- The BOOBOO reports.
I'd like to see the Cot's data integrated in a way similar to what the terrific website nhlnumbers.com has done in displaying hockey contracts. The ease of reading on that site is phenomenal.
More fantasy content!
You guys do some decent stuff - Marc Normandin's season previews and reviews are getting markedly more insightful. UTK, of course is a unique resource for fantasy players, as it's impossible to get so much detail on injuries anywhere else online.
Nevertheless, I feel like BP is not a major part of my fantasy baseball resources in-season. Once I've processed the PECOTA ranks, I have to look elsewhere for fantasy news, especially stuff like:
-Upcoming playing time changes. Has a certain platoon outfielder become a good pickup target because he's just graduated to a full-time job? Is another platoon player ok to cut because another guy is about to come off the DL? Is that young starter going to get another turn or is he about to be sent down? Knowing this stuff even hours ahead of the opposition can be a huge advantage in a daily league.
-Changing Bullpen roles. In the same vein, BP seems a good place for intelligent speculation on who's getting more late-inning work and who's only in there because the top guys needed a night off. Other sites are so inaccurate and uninformed in their speculations I find I have to work off boxscores to research this stuff, but I know most fantasy players don't have time to do all the research. We trust BP to be the best-informed and researched of all our baseball sources online - there's no reason why they shouldn't be dominating the fantasy baseball news market. Frankly, I think you'd have no problem signing up readers for 'FantasyBaseballProspectus', simply because the Prospectus brand is one we've learned to trust.
-More strategy articles. You guys have some neat articles about scoresheet leagues, sim leagues etc, but the fact is (i suspect) most BP fantasy players are in 12-team vanilla leagues. I would like to read more stuff on mainstream fantasy content.
To conclude: I'm a pretty die-hard fantasy player and a die-hard BP reader. I subscribe to BP because your work on real baseball stuff is unparalleled. I don't subscribe to any fantasy-only sites because I feel like none of them offer anything more than the Fantasy 411 guys can offer me for free. I feel as if BP could actually sell a lot of subscriptions with increased fantasy coverage. I'd be willing to pay another $5-10 a year for smart, DAILY (it has to be daily to be timely) fantasy writing. I suspect BP Fantasy subscribers would be willing to pay $15-20/year for a fantasy-only subscription if more articles were added.
I'm not sure who I'd suggest as a writer, because Cory Schwartz is already busy. You could always hire me!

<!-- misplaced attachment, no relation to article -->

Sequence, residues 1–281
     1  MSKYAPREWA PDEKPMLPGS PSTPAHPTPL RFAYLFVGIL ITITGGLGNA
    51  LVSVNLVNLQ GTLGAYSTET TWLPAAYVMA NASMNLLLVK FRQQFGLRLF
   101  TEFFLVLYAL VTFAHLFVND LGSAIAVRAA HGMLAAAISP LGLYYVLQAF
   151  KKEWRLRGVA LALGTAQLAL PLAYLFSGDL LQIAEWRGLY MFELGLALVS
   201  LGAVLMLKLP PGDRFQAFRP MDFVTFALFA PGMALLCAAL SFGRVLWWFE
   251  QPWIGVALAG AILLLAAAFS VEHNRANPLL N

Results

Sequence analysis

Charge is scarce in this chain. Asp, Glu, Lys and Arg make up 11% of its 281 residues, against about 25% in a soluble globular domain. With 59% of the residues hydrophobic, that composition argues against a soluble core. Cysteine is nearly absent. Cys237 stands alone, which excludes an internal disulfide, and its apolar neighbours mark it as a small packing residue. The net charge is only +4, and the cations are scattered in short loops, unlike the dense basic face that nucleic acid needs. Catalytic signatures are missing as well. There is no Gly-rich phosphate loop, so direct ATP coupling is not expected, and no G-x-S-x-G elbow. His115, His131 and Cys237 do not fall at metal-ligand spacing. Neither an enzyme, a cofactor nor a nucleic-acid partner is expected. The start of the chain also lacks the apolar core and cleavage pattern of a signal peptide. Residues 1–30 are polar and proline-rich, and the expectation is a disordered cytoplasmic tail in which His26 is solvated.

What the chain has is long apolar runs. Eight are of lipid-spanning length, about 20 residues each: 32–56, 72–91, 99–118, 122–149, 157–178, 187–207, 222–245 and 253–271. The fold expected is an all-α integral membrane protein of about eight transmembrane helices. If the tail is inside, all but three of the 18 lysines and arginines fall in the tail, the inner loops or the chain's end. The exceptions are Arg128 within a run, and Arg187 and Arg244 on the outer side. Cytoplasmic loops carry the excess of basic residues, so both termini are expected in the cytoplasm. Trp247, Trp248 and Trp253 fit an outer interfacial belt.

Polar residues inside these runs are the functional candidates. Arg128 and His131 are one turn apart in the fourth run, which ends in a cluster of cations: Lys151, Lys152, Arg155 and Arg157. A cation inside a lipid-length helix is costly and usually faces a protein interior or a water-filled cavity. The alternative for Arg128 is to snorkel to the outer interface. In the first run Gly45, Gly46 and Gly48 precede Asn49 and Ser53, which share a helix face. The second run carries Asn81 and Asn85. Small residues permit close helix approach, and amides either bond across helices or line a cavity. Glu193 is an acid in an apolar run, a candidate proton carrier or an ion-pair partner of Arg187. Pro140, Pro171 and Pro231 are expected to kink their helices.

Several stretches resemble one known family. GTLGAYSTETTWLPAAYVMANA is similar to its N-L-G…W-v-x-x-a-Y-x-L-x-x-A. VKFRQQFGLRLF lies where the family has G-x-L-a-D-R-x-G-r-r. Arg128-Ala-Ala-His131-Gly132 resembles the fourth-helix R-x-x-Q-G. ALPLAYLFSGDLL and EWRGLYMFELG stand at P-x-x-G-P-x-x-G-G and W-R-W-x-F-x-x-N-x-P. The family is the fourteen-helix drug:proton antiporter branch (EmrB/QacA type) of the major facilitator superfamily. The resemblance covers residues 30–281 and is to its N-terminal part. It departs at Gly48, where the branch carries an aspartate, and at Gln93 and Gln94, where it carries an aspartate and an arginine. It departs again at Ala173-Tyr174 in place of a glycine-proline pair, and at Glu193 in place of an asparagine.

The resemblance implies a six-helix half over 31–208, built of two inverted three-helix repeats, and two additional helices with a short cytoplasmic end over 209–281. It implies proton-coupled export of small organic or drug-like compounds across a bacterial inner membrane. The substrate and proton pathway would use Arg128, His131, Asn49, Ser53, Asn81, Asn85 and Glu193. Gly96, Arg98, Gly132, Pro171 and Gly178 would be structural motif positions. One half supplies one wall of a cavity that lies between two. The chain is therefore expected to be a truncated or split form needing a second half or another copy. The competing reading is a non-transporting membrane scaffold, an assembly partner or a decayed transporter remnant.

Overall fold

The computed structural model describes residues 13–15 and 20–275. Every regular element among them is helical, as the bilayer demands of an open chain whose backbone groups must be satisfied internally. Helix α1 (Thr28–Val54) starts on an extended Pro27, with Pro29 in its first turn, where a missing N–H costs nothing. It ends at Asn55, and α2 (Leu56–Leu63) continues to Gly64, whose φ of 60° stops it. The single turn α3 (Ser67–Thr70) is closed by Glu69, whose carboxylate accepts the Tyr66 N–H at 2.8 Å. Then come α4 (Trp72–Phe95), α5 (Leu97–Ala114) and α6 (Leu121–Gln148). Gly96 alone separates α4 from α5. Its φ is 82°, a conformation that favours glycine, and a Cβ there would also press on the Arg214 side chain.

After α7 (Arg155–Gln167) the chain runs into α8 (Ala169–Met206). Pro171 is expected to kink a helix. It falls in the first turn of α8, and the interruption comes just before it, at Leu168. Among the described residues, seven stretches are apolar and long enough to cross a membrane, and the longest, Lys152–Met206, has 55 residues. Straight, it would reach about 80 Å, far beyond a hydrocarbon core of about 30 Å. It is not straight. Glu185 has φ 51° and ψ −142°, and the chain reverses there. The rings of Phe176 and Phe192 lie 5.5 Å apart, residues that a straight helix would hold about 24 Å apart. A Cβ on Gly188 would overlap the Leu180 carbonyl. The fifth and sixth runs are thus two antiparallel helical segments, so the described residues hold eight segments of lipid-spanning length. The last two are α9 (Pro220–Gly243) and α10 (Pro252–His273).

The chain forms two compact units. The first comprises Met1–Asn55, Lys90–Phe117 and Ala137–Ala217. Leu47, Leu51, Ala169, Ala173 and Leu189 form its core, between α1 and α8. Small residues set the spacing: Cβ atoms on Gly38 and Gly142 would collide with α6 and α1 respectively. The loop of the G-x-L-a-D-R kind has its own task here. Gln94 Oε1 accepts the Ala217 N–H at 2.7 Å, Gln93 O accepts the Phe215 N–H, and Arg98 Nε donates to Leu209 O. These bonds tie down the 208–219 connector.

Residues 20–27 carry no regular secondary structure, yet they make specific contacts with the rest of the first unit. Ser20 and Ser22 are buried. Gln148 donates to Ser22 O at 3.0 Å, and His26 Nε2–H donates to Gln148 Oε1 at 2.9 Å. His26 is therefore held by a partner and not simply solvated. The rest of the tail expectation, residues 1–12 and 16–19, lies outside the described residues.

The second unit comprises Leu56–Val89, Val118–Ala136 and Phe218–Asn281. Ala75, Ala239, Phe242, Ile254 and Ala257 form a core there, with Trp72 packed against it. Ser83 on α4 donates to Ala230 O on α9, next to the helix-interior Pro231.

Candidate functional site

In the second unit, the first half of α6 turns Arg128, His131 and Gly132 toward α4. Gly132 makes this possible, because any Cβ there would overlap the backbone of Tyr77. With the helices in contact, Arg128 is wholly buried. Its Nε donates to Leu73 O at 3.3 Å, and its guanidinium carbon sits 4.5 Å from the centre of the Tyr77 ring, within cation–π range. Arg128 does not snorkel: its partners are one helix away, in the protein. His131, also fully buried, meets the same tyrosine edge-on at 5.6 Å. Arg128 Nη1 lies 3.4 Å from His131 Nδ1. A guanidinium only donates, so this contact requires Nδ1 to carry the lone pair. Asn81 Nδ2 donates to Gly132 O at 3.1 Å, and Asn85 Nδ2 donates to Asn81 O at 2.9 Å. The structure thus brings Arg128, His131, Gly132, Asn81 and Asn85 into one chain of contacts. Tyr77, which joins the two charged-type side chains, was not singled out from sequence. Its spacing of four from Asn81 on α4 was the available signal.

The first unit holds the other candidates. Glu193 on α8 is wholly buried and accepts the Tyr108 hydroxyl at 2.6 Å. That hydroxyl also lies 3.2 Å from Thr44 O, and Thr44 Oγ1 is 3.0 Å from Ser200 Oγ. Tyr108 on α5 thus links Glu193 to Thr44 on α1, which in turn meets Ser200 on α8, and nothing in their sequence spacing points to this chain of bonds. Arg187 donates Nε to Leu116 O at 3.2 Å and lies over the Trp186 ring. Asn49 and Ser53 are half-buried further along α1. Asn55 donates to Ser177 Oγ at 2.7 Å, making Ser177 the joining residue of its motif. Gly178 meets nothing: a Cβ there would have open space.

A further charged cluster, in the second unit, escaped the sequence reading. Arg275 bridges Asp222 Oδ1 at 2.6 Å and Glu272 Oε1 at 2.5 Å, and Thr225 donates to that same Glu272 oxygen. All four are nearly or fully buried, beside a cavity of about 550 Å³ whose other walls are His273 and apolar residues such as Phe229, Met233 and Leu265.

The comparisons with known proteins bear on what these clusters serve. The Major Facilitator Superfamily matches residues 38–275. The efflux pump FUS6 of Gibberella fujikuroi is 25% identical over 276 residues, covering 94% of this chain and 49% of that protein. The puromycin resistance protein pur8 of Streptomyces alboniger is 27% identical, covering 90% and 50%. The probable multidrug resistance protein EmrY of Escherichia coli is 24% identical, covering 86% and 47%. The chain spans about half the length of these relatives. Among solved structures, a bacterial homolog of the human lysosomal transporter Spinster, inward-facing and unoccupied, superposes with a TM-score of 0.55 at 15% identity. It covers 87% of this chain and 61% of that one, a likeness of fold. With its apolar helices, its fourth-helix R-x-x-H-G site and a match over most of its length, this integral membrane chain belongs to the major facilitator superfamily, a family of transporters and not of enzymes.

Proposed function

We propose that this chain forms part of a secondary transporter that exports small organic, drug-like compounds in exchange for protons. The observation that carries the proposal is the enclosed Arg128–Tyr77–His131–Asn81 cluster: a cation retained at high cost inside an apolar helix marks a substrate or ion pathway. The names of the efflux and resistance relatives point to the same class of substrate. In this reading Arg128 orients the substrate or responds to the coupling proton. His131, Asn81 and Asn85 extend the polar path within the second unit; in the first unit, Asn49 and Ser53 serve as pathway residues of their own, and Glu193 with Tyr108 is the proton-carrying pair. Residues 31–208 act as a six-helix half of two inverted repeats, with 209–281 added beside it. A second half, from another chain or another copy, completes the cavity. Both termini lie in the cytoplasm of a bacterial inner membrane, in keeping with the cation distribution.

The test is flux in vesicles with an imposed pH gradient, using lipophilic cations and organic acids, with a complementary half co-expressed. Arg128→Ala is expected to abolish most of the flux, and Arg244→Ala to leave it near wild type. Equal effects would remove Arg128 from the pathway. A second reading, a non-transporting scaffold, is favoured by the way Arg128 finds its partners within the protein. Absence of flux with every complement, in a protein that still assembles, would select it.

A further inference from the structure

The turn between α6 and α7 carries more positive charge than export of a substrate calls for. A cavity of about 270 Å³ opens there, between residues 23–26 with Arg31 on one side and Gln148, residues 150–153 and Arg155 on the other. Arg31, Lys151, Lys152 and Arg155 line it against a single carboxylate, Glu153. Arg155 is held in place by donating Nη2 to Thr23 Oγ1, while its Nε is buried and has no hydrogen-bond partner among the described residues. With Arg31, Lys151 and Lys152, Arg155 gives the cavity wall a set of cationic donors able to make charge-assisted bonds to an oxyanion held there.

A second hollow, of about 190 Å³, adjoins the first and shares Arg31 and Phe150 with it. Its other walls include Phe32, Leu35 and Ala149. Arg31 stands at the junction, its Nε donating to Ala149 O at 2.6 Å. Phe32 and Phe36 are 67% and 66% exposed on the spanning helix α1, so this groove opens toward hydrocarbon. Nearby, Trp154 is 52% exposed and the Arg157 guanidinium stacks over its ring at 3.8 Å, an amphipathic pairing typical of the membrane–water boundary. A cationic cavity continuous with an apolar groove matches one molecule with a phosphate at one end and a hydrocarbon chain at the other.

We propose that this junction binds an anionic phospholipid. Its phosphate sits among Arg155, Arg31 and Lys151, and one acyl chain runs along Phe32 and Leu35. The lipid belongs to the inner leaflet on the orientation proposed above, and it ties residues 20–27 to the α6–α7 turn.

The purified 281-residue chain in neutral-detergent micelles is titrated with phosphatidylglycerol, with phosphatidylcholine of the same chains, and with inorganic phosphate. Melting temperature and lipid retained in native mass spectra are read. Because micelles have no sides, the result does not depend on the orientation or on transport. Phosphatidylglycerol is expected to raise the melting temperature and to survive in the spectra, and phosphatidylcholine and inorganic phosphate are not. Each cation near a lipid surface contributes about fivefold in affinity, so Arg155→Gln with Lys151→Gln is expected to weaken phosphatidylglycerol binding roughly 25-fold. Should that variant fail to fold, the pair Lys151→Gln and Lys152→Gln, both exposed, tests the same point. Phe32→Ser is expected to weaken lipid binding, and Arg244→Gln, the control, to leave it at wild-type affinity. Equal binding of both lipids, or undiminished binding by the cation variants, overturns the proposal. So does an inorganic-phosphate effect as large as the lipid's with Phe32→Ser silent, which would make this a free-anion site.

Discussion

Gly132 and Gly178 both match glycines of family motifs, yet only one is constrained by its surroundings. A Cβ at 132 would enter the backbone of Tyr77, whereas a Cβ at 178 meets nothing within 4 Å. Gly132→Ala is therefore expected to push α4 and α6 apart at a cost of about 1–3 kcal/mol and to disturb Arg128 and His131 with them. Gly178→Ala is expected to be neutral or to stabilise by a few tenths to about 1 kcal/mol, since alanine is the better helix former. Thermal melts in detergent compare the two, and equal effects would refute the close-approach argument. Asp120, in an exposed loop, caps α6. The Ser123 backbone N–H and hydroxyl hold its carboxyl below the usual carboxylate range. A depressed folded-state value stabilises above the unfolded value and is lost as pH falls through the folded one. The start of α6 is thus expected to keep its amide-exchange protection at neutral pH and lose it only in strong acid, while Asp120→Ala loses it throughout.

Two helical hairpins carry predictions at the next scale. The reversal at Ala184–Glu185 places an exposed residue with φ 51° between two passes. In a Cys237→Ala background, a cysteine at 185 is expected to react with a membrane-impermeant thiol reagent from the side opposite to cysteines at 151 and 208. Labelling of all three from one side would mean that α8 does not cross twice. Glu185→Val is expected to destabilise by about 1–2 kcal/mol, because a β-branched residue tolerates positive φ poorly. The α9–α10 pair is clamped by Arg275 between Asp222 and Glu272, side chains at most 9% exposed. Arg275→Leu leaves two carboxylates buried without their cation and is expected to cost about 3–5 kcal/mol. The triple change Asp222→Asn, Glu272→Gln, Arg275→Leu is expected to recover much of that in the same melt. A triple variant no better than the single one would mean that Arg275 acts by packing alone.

great article, and a fascinating guy to read about - particularly because bench coaches rarely get much attention from the press.
As Butterfield was saying, it was one great question after another. Thanks!
marc, well done overall.
When looking at the players, i'd like to see some sort of risk score. When i see how Davis, for example, turned into a real bust, I think the risk warning would be appropriate. At the outset of the season, pretty much everyone was aware that Davis had enough power to hit 35+ bombs, but could also easily top 200 strikeouts for the season. As a younger player, there's always the risk that he starts off in a slump and gets benched, platooned, sent down, or at least moved down in the order. On the flip side his upside would be something more like what Nelson Cruz ended up doing.
There's something to be said in favor of, say, Justin Morneau, if he starts the season in a slump, he's going to get the benefit of the doubt and he'll stay in the cleanup spot and will at least get some counting numbers. Even though Davis may project for a PECOTA line comparable in value to Morneau's, the fact that Morneau has more of a guarantee of playing time.
Injuries aside, I wouldn't mind seeing an upside/downside figure on ABs for hitters. This is particularly handy when thinking about outfielders - it can be tempting to snag a good hitter like Hideki Matsui or JD Drew and forget that they might be limited to 400 ABs because they get platooned. In a lot of leagues (and of course you have to adjust for format) i might prefer to just take a David DeJesus, who i think might get more playing time, and provide similar value at a lower price:
Here's 5x5 stats for those 3 this year:
Drew 84 24 68 2 .279
Matsui 62 28 90 0 .274
DeJesus 74 13 71 4 .281
Jay, if you feel like making it more complicated...
For the Yankees problem (ie, voters are reluctant to vote for players who have multiple excellent teammates), why not introduce a penalty for players in the system with a teammate (or two) who also score above a certain point level?
Another thought--i'd be curious to see if, in a close mvp race, voters are more likely to give votes to a guy who narrowly missed out on winning the award in a recent year...so give some bonus for second-through-fifth place finishes in the past three years maybe?
Great analysis! This was a pleasure to read.
A-Rod partying late? It's one thing if he's in good health and has the following day off. But if he's expected to play at 5pm the next day and is expected to be rested on a full night's sleep, I'd say he's counteracting the benefits of the team trying to give him a day off. The intention is for rest and healing, not for him to have some fun. Heck, my boss gets pissed when I show up to work hungover, and I'm sure not being paid over $100,000 per day of work.
Ok, looks like a player i should go pick up!
Oops, he's already rostered in every single fantasy league I play in. Thanks for the sharp fantasy advice, Marc!
i could see this being a neat draw for the team but if memory serves me right, gallagher pointed out in the book that if a GM were to try it today the commisioner would be pretty quick to invoke the 'best interests of baseball' rule to block an attempt to make an obvious mockery of the rules. At the same time, of course, i'm sure the exclusion of a little person would open them up to a lawsuit. Perhaps the best counter would be to amend the strike-zone rule to say that the zone extends from top of knee to armpit or 30 inches up from top of knee, whichever is larger.